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Executing Code After Submitting A Form


ShadowMage
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Just a quick question, when you submit an html form via document.form.submit() can you still execute code after that? Or possibly, submit to a new window? I know there's a target attribute for forms, but it's deprecated so is there another way?Thanks,jkloth

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A form submission clobbers your document, because the window is now waiting for a new document. So, no, code will not run after submission. I assume, since you're using the form.submit() method, that you already know how to intercept a form submission and run code before the form submits.It might help if you explained what you're hoping to accomplish. There might be a solution involving server-side behavior or even just cookies.

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I have a page that opens a new window to enter some data into a form. The form is submitted which writes data to a database. After that I need to refresh the parent window so that the data that was just written to the db can be accounted for.I planned on using opener.location.reload after the form was submitted but I don't think that will work.Does this help?

Edited by jkloth
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Yeah, these are tricky matters, and the roadblocks have been put up for the sake of security. Finding ways around them usually leads to a kludge, and no guarantee it will work next month.If the original page is going to be refreshed anyway, why doesn't it replace itself with the form instead of opening a window for the form? I'm probably missing a step somewhere, but on the surface the new window seems like a wasted step.

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Or perhaps you have an alternative to the real reason I need the parent to refresh. In the PHP I have it pulling information from the database and then it writes some html <div> tags that are used as popup tips when the user hovers over certain items on the form. The only way I could think of to write these <div> tags was to save data to the db then refresh so it pulls out the new data and writes a <div> for it.Is there another way to do this? I could use JavaScript but that would require a VERY long segment of code.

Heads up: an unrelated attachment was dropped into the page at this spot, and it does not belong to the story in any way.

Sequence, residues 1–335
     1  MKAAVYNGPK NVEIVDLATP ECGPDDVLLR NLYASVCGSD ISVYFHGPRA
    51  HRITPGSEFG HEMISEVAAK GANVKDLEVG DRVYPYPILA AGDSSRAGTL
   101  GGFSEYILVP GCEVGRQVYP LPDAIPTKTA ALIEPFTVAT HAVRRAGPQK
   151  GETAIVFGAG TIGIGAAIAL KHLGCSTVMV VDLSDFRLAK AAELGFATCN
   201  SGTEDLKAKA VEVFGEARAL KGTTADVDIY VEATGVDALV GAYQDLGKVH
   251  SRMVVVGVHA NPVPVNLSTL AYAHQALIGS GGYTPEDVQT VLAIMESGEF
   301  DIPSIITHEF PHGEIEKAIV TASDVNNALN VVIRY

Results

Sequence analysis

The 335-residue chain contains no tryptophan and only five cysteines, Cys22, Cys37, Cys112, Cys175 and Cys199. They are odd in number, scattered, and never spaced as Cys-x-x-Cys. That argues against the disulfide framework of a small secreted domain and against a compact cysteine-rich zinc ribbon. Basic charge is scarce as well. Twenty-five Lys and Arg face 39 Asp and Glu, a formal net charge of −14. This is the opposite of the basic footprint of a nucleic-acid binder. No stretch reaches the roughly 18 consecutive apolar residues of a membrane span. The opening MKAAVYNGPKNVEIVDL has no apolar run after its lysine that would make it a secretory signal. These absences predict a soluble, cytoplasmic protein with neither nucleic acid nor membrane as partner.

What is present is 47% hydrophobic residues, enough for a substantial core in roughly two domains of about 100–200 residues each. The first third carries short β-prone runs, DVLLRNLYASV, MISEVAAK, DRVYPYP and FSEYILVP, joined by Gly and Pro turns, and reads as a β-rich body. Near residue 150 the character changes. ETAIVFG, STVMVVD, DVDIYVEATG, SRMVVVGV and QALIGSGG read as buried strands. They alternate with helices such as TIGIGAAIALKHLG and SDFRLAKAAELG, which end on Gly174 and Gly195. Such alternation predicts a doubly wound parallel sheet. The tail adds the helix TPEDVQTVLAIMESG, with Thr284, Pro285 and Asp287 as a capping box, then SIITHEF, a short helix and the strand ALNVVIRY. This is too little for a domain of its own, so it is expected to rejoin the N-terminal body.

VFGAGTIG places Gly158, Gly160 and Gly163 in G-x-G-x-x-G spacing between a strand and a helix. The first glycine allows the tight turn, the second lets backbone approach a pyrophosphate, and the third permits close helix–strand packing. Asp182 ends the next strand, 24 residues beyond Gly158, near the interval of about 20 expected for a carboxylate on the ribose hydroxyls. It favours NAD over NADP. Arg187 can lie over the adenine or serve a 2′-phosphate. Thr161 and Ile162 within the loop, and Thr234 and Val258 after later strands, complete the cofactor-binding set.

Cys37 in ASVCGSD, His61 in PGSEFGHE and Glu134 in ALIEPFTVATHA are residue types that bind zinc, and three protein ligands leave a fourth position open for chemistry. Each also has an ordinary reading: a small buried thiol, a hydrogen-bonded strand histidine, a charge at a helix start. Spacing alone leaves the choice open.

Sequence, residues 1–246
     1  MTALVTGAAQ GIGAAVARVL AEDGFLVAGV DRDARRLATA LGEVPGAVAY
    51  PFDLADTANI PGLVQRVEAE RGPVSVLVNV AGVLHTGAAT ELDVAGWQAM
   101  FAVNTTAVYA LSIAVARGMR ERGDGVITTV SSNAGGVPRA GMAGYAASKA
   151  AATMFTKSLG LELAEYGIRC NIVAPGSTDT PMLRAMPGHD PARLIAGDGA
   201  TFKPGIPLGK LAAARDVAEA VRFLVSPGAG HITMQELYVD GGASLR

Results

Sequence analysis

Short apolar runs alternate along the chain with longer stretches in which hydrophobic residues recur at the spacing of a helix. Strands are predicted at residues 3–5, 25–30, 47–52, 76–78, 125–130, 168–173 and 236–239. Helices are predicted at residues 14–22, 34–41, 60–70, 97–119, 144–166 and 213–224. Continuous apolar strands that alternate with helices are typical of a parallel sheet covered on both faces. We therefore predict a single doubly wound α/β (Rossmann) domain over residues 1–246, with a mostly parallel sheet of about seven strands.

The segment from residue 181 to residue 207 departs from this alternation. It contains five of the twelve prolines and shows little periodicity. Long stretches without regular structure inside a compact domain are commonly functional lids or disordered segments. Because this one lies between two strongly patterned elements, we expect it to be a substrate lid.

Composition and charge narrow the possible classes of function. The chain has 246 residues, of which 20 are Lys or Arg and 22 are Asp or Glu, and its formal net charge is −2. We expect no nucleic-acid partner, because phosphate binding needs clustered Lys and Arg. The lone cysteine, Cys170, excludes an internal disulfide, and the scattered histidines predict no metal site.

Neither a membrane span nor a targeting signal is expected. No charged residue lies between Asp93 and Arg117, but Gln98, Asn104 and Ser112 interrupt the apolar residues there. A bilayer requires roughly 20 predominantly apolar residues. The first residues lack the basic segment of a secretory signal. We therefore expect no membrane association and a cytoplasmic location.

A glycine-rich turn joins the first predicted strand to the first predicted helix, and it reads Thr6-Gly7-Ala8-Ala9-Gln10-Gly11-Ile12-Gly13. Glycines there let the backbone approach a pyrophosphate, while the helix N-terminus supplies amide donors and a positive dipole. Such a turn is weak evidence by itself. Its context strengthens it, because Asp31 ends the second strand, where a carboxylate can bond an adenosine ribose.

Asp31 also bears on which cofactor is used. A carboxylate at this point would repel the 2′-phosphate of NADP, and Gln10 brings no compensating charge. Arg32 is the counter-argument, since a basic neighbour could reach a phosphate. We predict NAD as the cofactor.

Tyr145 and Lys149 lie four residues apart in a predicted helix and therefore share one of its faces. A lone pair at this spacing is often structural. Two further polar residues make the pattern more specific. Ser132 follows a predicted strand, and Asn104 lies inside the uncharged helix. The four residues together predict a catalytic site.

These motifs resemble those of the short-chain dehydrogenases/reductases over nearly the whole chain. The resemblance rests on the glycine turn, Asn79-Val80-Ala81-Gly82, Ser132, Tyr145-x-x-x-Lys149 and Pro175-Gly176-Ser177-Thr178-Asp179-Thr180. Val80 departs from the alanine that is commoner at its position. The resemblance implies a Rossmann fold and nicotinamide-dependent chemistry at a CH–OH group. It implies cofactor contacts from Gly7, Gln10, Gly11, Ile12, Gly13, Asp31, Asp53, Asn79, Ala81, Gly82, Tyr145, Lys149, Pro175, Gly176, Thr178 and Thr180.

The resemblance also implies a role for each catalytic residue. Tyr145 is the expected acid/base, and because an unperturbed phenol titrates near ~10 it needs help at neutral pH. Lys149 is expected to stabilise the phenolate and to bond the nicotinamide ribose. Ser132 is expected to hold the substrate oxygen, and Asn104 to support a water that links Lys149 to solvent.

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So right now, the user clicks on something, and the new window opens. What if they clicked on something, and a new section of the original document opened up? The new section would contain the form, and the old information would be visible at the top of the page (or wherever you like). This could be as simple as toggling the form's CSS display property from "none" to "block". You've probably seen this effect on other pages.It's worth noting too that the default mode for opening new windows in a lot of browsers is to open a new tab. This is a user preference. Seems to me that this would defeat your intention, since one tab renders another invisible. Also, a lot of users keep pop-up windows from opening at all, and that too is usually a factory default.

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Or perhaps you have an alternative to the real reason I need the parent to refresh. In the PHP I have it pulling information from the database and then it writes some html <div> tags that are used as popup tips when the user hovers over certain items on the form. The only way I could think of to write these <div> tags was to save data to the db then refresh so it pulls out the new data and writes a <div> for it.Is there another way to do this? I could use JavaScript but that would require a VERY long segment of code.